― clemenza, Friday, 22 January 2021 22:38 (three months ago) link
Every living president...almost.
― clemenza, Saturday, 23 January 2021 22:54 (three months ago) link
i haven't heard a word from trump since he fucked off, and i want to keep that going as long as possible
― Karl Malone, Saturday, 23 January 2021 23:10 (three months ago) link
― mookieproof, Saturday, 23 January 2021 23:12 (three months ago) link
For sure. I have to admit, I love how the five of them will be making the other one look bad without even trying.
― clemenza, Saturday, 23 January 2021 23:14 (three months ago) link
utility man ron johnson, 64
played 22 games over three seasons with the royals and expos in the early '80s, then won 1752 games over 24 seasons as a minor league manager. he was the red sox's bench coach in 2010-2011
― mookieproof, Tuesday, 26 January 2021 19:37 (three months ago) link
damn, wrong Ron Johnson. RIP utility man ron johnson
― Karl Malone, Tuesday, 26 January 2021 19:40 (three months ago) link
he was the red sox's bench coach in 2010-2011
first base coach according to Youkilis' tribute.
― Jersey Al (Albert R. Broccoli), Tuesday, 26 January 2021 19:41 (three months ago) link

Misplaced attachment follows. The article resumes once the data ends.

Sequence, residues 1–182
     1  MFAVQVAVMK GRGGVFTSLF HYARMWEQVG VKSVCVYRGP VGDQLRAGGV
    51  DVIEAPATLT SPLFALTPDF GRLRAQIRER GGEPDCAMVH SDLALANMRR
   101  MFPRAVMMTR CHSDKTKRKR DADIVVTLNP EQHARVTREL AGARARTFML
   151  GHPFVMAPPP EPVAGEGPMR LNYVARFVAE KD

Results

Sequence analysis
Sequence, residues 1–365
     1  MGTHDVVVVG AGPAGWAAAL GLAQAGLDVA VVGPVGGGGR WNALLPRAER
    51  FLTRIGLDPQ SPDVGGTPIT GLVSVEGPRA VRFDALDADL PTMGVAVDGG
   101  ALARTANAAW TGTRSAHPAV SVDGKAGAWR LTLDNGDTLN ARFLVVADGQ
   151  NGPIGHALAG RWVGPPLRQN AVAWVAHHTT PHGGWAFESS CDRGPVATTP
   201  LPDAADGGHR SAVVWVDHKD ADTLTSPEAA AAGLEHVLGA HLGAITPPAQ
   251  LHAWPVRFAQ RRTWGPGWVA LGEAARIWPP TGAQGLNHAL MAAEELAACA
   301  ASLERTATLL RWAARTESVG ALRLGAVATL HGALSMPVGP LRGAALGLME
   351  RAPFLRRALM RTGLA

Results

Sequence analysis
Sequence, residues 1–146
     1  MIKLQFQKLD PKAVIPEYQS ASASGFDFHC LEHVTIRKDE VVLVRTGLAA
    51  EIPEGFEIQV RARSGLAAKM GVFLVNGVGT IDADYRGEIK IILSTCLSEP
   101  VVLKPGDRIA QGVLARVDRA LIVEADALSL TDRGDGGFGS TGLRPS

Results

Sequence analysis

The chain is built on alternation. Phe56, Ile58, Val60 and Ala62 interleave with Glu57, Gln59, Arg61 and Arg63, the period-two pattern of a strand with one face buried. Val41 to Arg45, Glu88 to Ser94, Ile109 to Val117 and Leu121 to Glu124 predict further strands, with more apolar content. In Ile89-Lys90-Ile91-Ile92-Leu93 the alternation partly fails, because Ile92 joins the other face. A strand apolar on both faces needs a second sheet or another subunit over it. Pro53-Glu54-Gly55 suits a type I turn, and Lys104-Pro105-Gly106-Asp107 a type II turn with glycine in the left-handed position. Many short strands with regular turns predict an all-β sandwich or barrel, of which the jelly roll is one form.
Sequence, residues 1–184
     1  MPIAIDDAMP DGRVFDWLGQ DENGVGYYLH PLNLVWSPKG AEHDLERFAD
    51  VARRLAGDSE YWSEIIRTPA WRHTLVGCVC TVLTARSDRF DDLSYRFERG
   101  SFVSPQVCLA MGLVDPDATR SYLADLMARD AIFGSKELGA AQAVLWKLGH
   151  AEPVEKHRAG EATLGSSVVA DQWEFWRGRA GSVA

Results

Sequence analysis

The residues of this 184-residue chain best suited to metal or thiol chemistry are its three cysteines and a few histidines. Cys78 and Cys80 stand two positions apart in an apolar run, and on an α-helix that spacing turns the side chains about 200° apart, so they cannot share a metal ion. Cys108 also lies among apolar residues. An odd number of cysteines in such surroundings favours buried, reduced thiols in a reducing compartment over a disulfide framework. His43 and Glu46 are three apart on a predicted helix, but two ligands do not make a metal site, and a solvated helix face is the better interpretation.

― mookieproof, Tuesday, 26 January 2021 19:46 (three months ago) link
grant jackson, 78. winner of game seven of the 1979 world series
― mookieproof, Tuesday, 2 February 2021 15:42 (three months ago) link
I remember him as part of the great Orioles '71 staff. (Don't hate me: '79 was my first year at university--don't think I watched an inning of the '79 Series!)
― clemenza, Tuesday, 2 February 2021 18:23 (three months ago) link
ESPN remembers SportsCenter reporter Pedro Gomez, who passed away unexpectedly today at the age of 58.https://t.co/0Q75PlBEvG pic.twitter.com/4B5r7OG9Ni— ESPN PR (@ESPNPR) February 8, 2021
― Andy K, Monday, 8 February 2021 03:27 (three months ago) link
ugh that sucks, always liked him ever since he was on the barry bonds beat
― tiwa-nty one savage (voodoo chili), Monday, 8 February 2021 03:32 (three months ago) link
joe altobelli, 88
― mookieproof, Wednesday, 3 March 2021 18:21 (two months ago) link
Ray Miller, former Orioles manager and longtime pitching coach, dies https://t.co/votxYjQtE7— Baltimore Sun Sports (@BaltSunSports) May 5, 2021
― mookieproof, Wednesday, 5 May 2021 18:42 (one week ago) link